From School Library Journal
Grade 3 Up–Raschka's illustrations will surely enhance children's enjoyment of this nostalgic, bittersweet memoir. Executed in ink, torn paper, and gouache on sensuously textured paper, they are full of tiny details that beg for closer inspection. Some libraries may still have copies illustrated by Fritz Eichenberg (New Directions, 1997), Edward Ardizzone (Godine, 1980), or Trina Schart Hyman (Holiday, 1985). Of these earlier editions, Hyman's probably succeeds best at capturing the story's time and place. Raschka, however, finds the universal elements that a contemporary child can relate to–the eccentric aunts, the joy of pretending to smoke candy cigarettes, the classification of gifts into "Useful Presents" and "Useless Presents." This is a handsome book that most libraries will want.–V. W.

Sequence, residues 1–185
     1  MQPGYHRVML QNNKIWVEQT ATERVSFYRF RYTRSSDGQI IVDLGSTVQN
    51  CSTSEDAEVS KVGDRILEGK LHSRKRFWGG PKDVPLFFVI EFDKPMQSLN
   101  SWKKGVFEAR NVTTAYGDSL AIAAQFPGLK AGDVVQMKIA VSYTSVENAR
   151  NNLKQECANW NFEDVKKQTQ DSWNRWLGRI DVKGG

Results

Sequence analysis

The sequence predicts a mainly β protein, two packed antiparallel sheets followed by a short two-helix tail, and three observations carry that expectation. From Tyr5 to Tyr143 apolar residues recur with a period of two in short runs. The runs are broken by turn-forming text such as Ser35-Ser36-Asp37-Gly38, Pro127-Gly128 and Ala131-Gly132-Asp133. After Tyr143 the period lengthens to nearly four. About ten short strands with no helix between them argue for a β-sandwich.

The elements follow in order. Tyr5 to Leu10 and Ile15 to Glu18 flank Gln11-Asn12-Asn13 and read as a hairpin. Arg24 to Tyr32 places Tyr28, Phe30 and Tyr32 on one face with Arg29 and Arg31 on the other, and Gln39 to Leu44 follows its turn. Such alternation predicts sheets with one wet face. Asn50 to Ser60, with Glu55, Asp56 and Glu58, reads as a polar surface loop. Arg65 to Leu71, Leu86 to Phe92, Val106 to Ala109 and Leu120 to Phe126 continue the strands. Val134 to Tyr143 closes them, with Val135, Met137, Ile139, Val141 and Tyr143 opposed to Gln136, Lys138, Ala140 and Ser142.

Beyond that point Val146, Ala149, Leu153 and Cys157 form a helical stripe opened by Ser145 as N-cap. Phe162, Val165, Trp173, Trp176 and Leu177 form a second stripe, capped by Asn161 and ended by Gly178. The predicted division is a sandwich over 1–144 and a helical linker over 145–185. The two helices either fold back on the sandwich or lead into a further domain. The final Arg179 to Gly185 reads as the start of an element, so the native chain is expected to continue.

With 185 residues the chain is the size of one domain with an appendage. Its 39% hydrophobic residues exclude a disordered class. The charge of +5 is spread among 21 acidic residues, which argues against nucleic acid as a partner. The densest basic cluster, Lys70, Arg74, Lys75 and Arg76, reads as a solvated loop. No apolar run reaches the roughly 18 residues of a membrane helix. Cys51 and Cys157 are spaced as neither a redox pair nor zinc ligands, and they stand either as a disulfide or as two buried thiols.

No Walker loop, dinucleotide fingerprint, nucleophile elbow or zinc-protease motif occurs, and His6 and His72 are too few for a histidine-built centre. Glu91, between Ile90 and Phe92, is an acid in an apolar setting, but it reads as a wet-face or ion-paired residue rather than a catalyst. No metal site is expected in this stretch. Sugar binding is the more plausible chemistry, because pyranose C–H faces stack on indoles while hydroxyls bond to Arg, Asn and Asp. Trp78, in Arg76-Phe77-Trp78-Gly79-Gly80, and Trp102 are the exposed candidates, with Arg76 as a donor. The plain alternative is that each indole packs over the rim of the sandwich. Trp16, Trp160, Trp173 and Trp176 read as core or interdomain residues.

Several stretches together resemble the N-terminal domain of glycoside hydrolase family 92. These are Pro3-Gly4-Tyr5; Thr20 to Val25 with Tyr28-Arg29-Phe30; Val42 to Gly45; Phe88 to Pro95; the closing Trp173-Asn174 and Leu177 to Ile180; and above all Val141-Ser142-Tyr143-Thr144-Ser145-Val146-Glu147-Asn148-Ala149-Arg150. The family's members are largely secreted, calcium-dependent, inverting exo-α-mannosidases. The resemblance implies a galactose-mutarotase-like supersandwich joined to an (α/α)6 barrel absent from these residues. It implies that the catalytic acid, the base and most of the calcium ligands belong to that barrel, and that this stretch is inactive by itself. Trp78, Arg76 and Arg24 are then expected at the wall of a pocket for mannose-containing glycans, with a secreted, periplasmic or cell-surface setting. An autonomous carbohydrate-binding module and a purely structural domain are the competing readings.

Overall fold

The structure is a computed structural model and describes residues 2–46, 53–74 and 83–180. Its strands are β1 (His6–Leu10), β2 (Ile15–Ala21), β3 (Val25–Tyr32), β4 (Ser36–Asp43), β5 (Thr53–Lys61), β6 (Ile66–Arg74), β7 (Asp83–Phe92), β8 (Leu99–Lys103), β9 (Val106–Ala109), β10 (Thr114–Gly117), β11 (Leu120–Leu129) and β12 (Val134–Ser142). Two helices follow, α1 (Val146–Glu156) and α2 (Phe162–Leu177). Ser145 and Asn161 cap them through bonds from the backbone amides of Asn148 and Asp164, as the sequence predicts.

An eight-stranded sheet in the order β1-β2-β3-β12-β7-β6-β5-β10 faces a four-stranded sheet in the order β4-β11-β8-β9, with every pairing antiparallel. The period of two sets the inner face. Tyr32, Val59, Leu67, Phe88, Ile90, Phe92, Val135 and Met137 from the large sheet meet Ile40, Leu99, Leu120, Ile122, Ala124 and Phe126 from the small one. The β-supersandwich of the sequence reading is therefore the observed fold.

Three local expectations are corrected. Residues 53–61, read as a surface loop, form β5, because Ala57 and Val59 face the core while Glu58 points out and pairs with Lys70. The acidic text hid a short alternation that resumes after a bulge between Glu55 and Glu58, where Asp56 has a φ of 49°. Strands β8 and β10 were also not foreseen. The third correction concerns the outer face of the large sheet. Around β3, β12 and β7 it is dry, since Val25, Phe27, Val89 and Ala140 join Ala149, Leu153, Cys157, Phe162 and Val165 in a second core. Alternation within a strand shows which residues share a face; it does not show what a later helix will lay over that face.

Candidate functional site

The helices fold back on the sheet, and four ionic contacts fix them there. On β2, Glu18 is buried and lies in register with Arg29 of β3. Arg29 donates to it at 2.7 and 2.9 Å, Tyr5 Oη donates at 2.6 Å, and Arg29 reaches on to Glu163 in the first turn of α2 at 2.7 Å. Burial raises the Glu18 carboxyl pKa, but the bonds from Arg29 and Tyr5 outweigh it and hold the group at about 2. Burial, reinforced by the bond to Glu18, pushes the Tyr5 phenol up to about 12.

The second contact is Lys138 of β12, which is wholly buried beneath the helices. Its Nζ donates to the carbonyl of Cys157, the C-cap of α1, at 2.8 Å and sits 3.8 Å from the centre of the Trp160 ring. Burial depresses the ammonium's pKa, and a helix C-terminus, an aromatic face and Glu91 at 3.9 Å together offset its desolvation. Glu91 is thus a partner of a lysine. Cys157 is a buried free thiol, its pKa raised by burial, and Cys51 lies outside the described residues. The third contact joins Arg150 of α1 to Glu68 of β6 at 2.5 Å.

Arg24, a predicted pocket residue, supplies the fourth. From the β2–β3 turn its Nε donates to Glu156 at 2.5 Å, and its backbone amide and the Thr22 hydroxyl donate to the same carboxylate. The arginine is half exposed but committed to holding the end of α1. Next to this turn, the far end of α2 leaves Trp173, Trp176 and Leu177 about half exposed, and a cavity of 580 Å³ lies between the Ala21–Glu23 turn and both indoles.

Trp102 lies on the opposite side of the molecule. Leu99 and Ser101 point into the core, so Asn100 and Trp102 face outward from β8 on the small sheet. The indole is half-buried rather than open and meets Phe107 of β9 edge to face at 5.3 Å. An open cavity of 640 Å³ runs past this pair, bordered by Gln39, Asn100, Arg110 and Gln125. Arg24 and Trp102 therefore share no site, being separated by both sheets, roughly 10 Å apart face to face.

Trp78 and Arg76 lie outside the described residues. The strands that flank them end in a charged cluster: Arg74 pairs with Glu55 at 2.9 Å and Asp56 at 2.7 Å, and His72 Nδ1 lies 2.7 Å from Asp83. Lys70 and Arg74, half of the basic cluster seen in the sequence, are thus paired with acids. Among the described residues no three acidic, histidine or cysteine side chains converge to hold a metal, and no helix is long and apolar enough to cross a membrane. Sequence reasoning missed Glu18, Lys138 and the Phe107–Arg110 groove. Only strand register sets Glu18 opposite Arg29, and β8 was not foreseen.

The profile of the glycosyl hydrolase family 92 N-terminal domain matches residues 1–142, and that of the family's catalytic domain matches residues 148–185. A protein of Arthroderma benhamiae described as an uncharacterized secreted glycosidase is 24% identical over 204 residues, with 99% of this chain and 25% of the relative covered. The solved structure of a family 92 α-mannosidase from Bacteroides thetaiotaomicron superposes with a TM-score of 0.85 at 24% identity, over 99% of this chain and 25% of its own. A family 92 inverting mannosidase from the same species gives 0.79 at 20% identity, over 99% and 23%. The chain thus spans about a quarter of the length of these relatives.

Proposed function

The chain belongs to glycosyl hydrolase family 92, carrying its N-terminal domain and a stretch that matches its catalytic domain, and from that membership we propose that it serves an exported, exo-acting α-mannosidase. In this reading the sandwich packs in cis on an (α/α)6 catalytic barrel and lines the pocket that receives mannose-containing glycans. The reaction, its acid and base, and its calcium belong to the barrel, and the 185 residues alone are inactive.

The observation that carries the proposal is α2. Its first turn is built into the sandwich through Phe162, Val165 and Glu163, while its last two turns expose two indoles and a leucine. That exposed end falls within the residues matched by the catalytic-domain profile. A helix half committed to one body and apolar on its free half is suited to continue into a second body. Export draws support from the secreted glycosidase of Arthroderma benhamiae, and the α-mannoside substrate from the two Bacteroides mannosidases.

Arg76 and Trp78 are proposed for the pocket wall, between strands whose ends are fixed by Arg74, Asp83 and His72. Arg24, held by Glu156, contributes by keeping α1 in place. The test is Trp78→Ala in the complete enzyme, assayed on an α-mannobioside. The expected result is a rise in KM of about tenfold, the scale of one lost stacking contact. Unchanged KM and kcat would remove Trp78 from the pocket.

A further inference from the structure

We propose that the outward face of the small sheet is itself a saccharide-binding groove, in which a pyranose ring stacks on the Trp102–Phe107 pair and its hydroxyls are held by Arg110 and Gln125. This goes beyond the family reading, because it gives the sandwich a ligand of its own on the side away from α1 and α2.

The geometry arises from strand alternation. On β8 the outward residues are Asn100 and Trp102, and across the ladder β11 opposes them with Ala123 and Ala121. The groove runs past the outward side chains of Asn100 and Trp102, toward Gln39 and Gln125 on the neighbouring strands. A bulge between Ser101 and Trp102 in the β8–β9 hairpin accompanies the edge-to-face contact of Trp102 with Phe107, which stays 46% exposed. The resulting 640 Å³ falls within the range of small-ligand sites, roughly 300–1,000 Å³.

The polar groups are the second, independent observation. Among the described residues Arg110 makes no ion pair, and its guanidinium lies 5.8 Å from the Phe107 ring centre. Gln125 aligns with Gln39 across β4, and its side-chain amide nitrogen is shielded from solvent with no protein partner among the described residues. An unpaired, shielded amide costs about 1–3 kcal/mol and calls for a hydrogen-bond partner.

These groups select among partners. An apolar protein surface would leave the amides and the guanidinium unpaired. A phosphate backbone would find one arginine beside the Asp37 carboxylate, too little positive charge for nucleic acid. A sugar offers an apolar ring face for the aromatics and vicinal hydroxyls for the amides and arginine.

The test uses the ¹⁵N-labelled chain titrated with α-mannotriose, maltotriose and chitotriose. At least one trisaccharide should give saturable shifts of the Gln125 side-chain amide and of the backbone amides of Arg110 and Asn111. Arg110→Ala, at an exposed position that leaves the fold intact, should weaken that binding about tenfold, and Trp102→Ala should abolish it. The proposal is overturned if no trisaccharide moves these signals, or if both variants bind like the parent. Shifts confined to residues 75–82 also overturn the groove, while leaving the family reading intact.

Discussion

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The texture of the engravings has an almost tactile vibrancy.
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